Information System

Topics: Bank, Financial services, Online banking Pages: 36 (9323 words) Published: January 29, 2013


In 2000, in response to intense competition and the dotcom boom, Citibank made a serious push to deliver integrated solutions that enabled its corporate customers to conduct business online. Citibank’s e-business strategy (“connect, transform and extend”) was to web-enable its core services, develop integrated solutions and reach new markets. Citibank aimed to build a single web-enabled platform for all customers with similar needs. Following the success of CitiDirect, a corporate banking platform which was developed in 2000 and strengthened in 2003, Citibank started to develop TreasuryVision as a replacement to suit the changing marketplace.

When developing its e-business, Citibank faced constant challenges in serving corporate customers with diverse needs. Sophisticated clients, such as multinational companies (“MNCs”), required custom-built host-to-host product interfaces. Other customers, such as small- and medium-sized enterprises (“SMEs”), were more conservative and were not ready for web-based solutions. Meanwhile, Citibank was under increasing pressure to cut costs and improve efficiency. Especially following the outcry over subprime mortgages in October 2007, Citibank had to face a very tough business environment. How could Citibank build a flexible and agile e-business product that could capture its clients’ total cash-management and trade-service needs? Meanwhile, how could Citibank use its e-business strategy to lower costs and improve efficiency? Given Citibank’s enormous global reach, how could it integrate internet initiatives into its overall strategy and create sustainable competitive advantages?

Global Corporate Banking at Citibank
Citibank was incorporated in 1812 as City Bank of New York. The bank experienced several mergers after its inception. The name Citibank N.A. was adopted in 1976. Following its merger with Travellers Group in 1998, the holding company changed its name to Citigroup Dr Minyi Huang prepared this updated version of the case with the same title published in 2001 under the supervision of Professor Julie H. Yu and Professor Ali Farhoomand for class discussion. This case is not intended to show effective or ineffective handling of decision or business processes.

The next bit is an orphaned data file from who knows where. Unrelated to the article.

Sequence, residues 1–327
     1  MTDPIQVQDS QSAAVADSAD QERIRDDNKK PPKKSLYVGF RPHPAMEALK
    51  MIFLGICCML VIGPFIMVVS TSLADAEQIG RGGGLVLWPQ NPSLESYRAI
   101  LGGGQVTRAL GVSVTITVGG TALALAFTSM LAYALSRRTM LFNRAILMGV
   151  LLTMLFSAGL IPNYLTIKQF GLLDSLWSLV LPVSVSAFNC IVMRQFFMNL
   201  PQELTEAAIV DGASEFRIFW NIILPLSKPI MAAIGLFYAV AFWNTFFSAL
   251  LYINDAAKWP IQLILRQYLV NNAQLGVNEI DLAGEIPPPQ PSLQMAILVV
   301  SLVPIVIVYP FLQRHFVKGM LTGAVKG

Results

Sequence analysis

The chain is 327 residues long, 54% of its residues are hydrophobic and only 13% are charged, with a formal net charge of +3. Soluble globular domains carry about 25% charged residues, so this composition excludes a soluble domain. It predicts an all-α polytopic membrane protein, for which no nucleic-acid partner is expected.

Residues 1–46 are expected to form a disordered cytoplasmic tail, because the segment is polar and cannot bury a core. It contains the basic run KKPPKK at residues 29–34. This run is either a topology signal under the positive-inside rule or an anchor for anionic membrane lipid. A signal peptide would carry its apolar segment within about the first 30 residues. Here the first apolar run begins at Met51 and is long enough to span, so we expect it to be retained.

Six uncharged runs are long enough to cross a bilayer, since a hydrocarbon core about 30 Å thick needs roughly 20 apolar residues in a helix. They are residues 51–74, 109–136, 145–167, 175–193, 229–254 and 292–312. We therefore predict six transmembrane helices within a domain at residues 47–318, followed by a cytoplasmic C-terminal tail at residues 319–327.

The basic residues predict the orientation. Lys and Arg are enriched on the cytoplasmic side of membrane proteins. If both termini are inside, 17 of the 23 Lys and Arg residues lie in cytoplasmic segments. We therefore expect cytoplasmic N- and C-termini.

© 2008 by The Asia Case Research Centre, The University of Hong Kong. No part of this publication may be reproduced or transmitted in any form or by any means—electronic, mechanical, photocopying, recording, or otherwise (including the internet)—without the permission of The University of Hong Kong. Ref. 08/402C


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Citibank’s e-Business Strategy for Global Corporate Banking (2008)

Inc (“Citigroup”). In 2006, Citigroup employed 325,000 staff serving 200 million customers in over 100 countries and had an information technology (“IT”) expenditure of US$3,762 million.
Starting in the 1990s, Citibank’s corporate banking activities evolved from a highly decentralised set of operations to becoming more centralised, with much attention focused on 1,400 large global corporations and institutional investors. 1 Starting in the mid-1990s, Citibank transformed from a geography-based organisation into a multi-dimensional one with the geography factor significantly de-emphasised. Customer needs became its first priority, while product types were given second priority.2

By most measures, Citibank was the most global US bank. In 1997, Citibank became one of the most profitable banks in the US, with the annual profit of US$3.59 billion, of which global corporate banking accounted for US$2.56 billion. Citibank’s global corporate banking business continued its healthy growth. The bank’s Cash and Trade service was a core product offered to corporate customers. By 2000, Citibank’s Cash and Trade division had already exceeded US$1 trillion in financial transactions...
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